The bytecodes for the E or Java class are in a file classname.class. ecomp generates this file when you compile the corresponding class source file. ecomp automatically adds this extension to the bytecode file when the class is compiled.

classname must contain a main() method, which E executes and then exits, unless main() creates one or more threads. If any threads are created by main(), then E doesn't exit until the last thread exits. The main() method is defined as follows:

  class Aclass {public static void main(String argv[]){
    < main code >

As in Java, when you define your own E or Java classes, you need to specify their location using CLASSPATH. See the Java documentation on CLASSPATH for more details. Note that the system always appends the location of the system classes onto the end of the class path unless you use the -classpath option to specify a path.

Distributed garbage collector

The E product provides a distributed garbage collector. Unlike Java's garbage collector, which performs garbage collection only within the scope of your local machine, E's distributed garbage collector performs garbage collection over the net for your distributed objects.

To use the distributed garbage collector, pass the -ECenableDgc argument on the command line when you run javaec. For example:

  javaec Myfile -ECenableDgc


import ec.util.ThreadWatcher;

ThreadWatcher is a Java class which creates a daemon thread to monitor all of the threads in the system and periodically print out what threads are running. You can set the periodicity, and start and stop the monitor. This utility is useful when you have a Java application that hangs, and you want to know what is running.

You can only have one ThreadWatcher instance active at one time.


You can not explicitly create a ThreadWatcher. The system does it for you through class methods which start watching.

Public variables

public static int waitTime = 5000

This is the wait interval, and can be changed while the ThreadWatcher is running. If it is changed, the former waitTime will still be used for the current "watch" slice, but it will then start using the new waitTime. waitTime is specified in milliseconds.


public static void startWatching()

Starts up the unique ThreadWatcher (if it is not already running), which will print out what threads are running every 5 seconds. Returns immediately, as the ThreadWatcher runs in it's own thread.

public static void startWatching(int timeToWait)

Starts up the unique ThreadWatcher (if it is not already running), which will print out what threads are running every "timeToWait" seconds. Returns immediately, as the ThreadWatcher runs in it's own thread. TimeToWait is specified in milliseconds.

public static void stopWatching()

Stops the unique ThreadWatcher (if it is not running)

public static void showThreads()

Shows all the threads (this is the same method that is called periodically by the ThreadWatcher itself). Note that the ThreadWatcher doesn't have to be started to call this, you can manually keep track of all the threads by calling this whenever you want.




import ec.util.ThreadWatcher;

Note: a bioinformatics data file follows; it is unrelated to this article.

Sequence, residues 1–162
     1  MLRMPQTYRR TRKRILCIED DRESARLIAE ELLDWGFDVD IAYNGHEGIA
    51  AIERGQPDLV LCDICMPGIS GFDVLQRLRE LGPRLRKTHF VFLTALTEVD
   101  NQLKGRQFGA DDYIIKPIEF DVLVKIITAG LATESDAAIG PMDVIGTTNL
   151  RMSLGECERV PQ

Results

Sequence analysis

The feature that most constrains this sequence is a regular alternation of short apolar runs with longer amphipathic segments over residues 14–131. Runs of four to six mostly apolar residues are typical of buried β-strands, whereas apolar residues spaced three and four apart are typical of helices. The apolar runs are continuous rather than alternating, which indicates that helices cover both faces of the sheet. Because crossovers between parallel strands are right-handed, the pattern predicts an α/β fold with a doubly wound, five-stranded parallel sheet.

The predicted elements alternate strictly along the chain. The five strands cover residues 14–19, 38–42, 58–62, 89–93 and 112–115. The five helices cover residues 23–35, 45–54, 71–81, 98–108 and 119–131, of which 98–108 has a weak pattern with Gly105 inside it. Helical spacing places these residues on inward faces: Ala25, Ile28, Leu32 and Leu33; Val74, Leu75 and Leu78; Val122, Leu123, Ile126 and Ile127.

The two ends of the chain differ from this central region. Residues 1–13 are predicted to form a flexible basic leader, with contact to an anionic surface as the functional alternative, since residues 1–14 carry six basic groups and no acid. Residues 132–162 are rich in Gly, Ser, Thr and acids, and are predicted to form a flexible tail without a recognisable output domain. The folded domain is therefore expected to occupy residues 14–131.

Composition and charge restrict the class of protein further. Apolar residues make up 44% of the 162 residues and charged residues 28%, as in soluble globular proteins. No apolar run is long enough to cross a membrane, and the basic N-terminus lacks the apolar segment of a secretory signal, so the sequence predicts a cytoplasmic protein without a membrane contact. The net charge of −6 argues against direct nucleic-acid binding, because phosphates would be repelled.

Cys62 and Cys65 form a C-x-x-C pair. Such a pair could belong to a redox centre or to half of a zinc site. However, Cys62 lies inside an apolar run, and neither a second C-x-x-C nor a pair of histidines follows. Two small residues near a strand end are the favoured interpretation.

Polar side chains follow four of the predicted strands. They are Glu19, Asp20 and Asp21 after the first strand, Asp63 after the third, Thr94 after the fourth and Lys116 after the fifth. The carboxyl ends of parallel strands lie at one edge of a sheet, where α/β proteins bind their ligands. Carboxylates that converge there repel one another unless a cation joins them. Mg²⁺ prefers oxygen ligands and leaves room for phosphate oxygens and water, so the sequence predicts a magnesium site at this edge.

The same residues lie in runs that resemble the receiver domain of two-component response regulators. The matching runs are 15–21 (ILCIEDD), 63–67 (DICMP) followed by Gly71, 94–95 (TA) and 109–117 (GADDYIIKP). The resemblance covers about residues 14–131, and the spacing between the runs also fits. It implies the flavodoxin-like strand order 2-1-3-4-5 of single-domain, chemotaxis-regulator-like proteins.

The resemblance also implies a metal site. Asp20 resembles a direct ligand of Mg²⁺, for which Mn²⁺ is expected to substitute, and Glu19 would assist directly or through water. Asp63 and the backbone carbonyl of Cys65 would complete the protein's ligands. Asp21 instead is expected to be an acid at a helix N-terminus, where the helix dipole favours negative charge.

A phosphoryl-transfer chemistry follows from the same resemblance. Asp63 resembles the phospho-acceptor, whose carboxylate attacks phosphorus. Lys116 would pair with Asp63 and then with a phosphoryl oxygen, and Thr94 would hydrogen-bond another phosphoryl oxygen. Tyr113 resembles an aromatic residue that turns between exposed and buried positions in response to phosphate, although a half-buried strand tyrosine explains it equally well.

public class ThreadVoyeur
    public static void main(String args[]) {
  // Watch the threads every minute
    public userInvokedToSpewThreads () {
    public userWantsToStopWatching () {
    public userWantsToWatchWithThisInterval(int newInterval) {
    ThreadWatcher.waitTime = newInterval;
    // Although probably better to just do this...

The Class Blesser

The E environment provides a user interface called the Class Blesser to manage the TBF, keys, certificates, and E's trust relationships in general. (See the Authentication section in the E Runtime chapter for a discussion of these topics.) You can invoke the Class Blesser either through an interactive graphical user interface, or a command-line interface. When invoking from the command-line, an input file of commands may be specified for the Class Blesser to execute as a batch.

The Interactive Interface

To invoke the graphical user interface for the Class Blesser, run the E Java interpreter (javaec) with the Class Blesser argument, with no command-line options:

  javaec ec.clbless.ClBless 

The graphical interface has several menus, which are explained in the following paragraphs:

File Menu

Certificate Menu

The commands in the Certificate menu are used for manipulation and management of E trust certificates, and are largely self-explanatory.

Keys Menu

The Keys menu is similar to the Certificate menu; it is used for generation and manipulation of keys.

Help Menu

The Command-Line Interface

You can also invoke the Class Blesser from the command line by using options:

  javaec ec.clbless.ClBless options

where options are chosen from among:

  -log <LogFile>
  -help [<cmd>]
  -infile <InputFile>
  -cmd NAME <arg1> [<arg2> .. <argn>]
  -tbf <input file>

Command-Line Options

Key Commands

Certificate Commands

Command File Syntax

A command is interpreted as everything between a -cmd and either the next -cmd or the end of the file. The command file may contain comment lines; any line beginning with # or // is ignored.

The order of arguments in a single command is ignored. If the same argument (such as -sigKey) appears more than once in a command, the last argument given will be used.

If multiple -cmds are specified on the shell command line invoking the Class Blesser, only the first one will be processed.

Copyright (c) 1996 Electric Communities. All rights reserved worldwide.
Most recent update: 7/19/96